What is intellectual property?

It's not smart property, but when applied to creative works it could be considered a return-on-investment to protect one’s intellectual works. Intellectual property (also known as IP) is associated with one’s legal ownership and exclusive rights to authorize reproduction of one’s intellectual works. However, IP may also include original authorship or inventing in addition to legal ownership. For example, an author or inventor could sell some or all of their intellectual property rights to others. Or an author or inventor could be hired by an organization to create intellectual works known as work-for-hire, where the rights belong to the employer.   

Intellectual property encourages creation of new literary, artistic, and informational works for the ultimate benefit of society. The U.S. Constitution in 1791 (Article One, Section Eight) gave Congress the power “to promote the Progress of Science and useful Arts, by securing for limited Times to Authors and Inventors the exclusive Right to their respective Writings and Discoveries.”  Without this right, authors and inventors might not be rewarded for creation of their intellectual works and most likely would not invest their time in such efforts. The IPAC offers information related to the rights of the creators and consumers of intellectual property, including copyrights, trademarks, and patents.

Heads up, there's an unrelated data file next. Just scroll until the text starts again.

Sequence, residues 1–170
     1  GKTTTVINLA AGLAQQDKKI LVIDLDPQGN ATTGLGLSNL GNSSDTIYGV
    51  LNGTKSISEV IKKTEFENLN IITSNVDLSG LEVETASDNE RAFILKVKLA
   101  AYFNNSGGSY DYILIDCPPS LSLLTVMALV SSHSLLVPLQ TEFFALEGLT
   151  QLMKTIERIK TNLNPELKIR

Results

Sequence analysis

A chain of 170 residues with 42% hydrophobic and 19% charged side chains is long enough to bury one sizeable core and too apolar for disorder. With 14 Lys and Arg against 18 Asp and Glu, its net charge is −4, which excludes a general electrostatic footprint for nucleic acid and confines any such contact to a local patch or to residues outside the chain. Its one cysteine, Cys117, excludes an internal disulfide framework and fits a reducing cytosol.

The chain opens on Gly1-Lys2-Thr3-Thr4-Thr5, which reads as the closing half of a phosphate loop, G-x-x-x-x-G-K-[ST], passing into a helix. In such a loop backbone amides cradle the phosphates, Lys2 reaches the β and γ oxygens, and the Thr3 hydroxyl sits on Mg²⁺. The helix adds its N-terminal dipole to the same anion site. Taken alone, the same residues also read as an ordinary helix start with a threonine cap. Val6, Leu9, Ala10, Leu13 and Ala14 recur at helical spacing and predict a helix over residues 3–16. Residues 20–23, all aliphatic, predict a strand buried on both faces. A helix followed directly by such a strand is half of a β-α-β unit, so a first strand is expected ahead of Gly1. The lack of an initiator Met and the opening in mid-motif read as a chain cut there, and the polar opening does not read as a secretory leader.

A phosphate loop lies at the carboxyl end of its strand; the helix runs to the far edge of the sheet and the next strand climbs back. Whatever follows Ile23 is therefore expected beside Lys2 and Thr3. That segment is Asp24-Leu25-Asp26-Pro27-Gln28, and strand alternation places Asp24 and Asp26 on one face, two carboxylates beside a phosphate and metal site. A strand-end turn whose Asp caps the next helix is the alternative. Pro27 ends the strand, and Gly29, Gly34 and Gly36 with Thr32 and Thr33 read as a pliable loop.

What kinds of things may be protected by intellectual property?

A documented idea for an inventor’s invention could be patented. An entrepreneur’s new business or service name could be registered as a trademark. Creative works of musicians, artists, or authors could be copyrighted. These are some examples of the most common types of intellectual property applications.

To help understand the differences between the three major types of IP, it is helpful to think of something protected by all three IPs. The ever popular board game Monopoly had a patent, and currently has trademarks, and copyrights associated with it. The U.S. utility patent 2,026,082 issued in 1935 has passed into the public domain. Hence, there are many regional- and specialty-opoly games now available by various sources. The registered trademarks are still active, along with the copyrighted game rules and other related works.

This IPAC website also covers Fair Use, public domain, Creative Commons, and more.

IMPORTANT NOTICE: Information on this page and other content from the IPAC website, programs, or services is provided for informational purposes only. Any information provided should not be considered legal advice. The IPAC seeks only to facilitate related information and community connections to further IP awareness. Any information received from IPAC should not substitute for securing legal advice from a licensed attorney.